SIP Trunking and Beyond: New Business Models for Service Providers?

Mobile Services - Beyond Voice

SIP Trunking and Beyond: New Business Models for Service Providers?

By TMCnet Special Guest
Ken Osowski
  |  November 01, 2011

This article originally appeared in the Nov. 2011 issue of INTERNET TELEPHONY.

Now that SIP trunking has proven to be successful delivering basic voice services to businesses, the network infrastructure investment made by service providers needs to be utilized for other services in order for service providers to monetize their capital investments. So what are the services that go beyond basic SIP trunking services? 

The most obvious ones are communication services that include HD voice or video. This can include two-way point-to-point or multi-point conferencing capabilities. Next are unified communications and the ability to federate these services across business domains. Other services that add value to real-time communications include session recording and integration of real-time communications in web applications.

IP communications makes it possible for higher quality voice services to be made available, and SIP trunking provides the vehicle for service providers to deliver HD voice. With more business communications happening between IP endpoints, the vestiges of circuit-switched quality voice communication is getting replaced with HD voice. Service providers offering SIP trunking services can offer their business customers enhanced voice services using higher quality codecs initially on-net. With the introduction of HD voice in mobile and fixed line networks, this will embrace off-net HD voice interoperability, increasing the demand for these services.

For many businesses, video will be the next voice you hear. Video provides a more immersive communication medium and has increased in usage as over-the-top communications video services have demonstrated. Even with on-net video as the primary usage model, video presents more challenges to service providers as video transcoding is needed to widen usage among disparate clients.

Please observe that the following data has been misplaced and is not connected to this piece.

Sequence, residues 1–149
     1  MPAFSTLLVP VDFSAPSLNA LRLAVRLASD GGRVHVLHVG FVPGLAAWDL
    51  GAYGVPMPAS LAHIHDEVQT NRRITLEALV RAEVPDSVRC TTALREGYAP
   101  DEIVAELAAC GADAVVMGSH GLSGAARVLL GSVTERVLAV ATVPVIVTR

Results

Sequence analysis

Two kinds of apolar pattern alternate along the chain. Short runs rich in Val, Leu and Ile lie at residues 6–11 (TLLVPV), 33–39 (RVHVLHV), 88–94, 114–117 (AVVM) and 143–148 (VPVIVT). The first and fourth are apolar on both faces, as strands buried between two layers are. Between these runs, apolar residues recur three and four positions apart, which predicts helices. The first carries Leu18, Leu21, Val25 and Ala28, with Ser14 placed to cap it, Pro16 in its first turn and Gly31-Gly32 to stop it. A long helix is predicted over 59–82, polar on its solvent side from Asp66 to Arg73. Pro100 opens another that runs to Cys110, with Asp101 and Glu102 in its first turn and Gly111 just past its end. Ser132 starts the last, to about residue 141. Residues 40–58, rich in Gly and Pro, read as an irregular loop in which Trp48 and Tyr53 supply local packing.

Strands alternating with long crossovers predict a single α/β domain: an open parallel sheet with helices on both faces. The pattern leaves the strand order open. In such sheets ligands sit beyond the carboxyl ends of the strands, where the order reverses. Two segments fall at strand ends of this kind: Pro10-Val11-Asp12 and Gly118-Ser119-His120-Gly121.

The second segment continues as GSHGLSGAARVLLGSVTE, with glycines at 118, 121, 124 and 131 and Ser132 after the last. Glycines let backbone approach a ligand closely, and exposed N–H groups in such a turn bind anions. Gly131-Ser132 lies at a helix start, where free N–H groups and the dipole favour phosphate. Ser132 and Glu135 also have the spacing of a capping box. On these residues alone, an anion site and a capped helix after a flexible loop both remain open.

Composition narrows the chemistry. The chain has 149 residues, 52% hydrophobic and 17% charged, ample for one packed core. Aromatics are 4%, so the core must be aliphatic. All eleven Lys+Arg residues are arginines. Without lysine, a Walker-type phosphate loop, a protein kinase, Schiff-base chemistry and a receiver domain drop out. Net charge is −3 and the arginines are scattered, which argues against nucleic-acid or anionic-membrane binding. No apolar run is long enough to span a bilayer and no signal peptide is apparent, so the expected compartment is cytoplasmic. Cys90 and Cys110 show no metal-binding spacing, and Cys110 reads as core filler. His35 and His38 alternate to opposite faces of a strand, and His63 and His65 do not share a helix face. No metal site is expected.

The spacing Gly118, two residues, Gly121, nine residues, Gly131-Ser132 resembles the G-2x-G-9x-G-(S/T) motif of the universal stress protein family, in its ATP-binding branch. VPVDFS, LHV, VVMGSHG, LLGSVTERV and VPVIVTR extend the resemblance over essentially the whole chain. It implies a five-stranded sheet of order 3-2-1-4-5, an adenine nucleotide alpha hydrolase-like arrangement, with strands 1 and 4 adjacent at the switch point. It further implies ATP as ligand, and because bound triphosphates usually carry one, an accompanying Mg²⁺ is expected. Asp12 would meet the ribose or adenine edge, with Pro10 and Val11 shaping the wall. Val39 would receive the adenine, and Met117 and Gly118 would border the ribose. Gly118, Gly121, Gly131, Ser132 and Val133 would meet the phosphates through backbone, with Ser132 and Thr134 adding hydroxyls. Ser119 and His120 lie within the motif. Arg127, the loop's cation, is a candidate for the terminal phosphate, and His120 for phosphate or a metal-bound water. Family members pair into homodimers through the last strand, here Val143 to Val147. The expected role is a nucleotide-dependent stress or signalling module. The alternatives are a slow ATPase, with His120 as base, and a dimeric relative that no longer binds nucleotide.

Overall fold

Unified communications not only includes voice and video communications but the ability to add application sharing, collaboration, presence, and other multi-modal communication capabilities. These capabilities are often services offered by one UC vendor that has little inclination to interoperate with competitive products. This is where the concept of federating or interconnecting UC services becomes important. Service providers that host multiple UC services in their network are then able to offer UC interworking using a federated services model where they act as the brokers in connecting businesses with different UC products in their network.

Beyond these rich media communication capabilities is the ability for service providers to weave these capabilities into web-based applications. Many application use cases are possible, like click-to-talk and click-to-video in a variety of service provider hosted services such as contact centers and conferencing. Also, with legal regulations emerging to mandate recording of all forms of communications for legal or business compliance reasons, service providers can add session recording as part of their SIP trunk services.

So service providers are in a great position to offer value-added SIP trunking services. Service providers have been building out these networks with the deployment of session border controllers and their MPLS networks. Businesses can now readily connect to this SIP trunk infrastructure by deploying premises-based session border controllers, making it much easier to turn up the services I have described here. Now with SIP trunk networks gaining worldwide momentum, the monetization of this network infrastructure represents the next wave of business model opportunities for service providers.

Ken Osowski is director of service provider product marketing at Acme Packet (News - Alert) (

Edited by Stefania Viscusi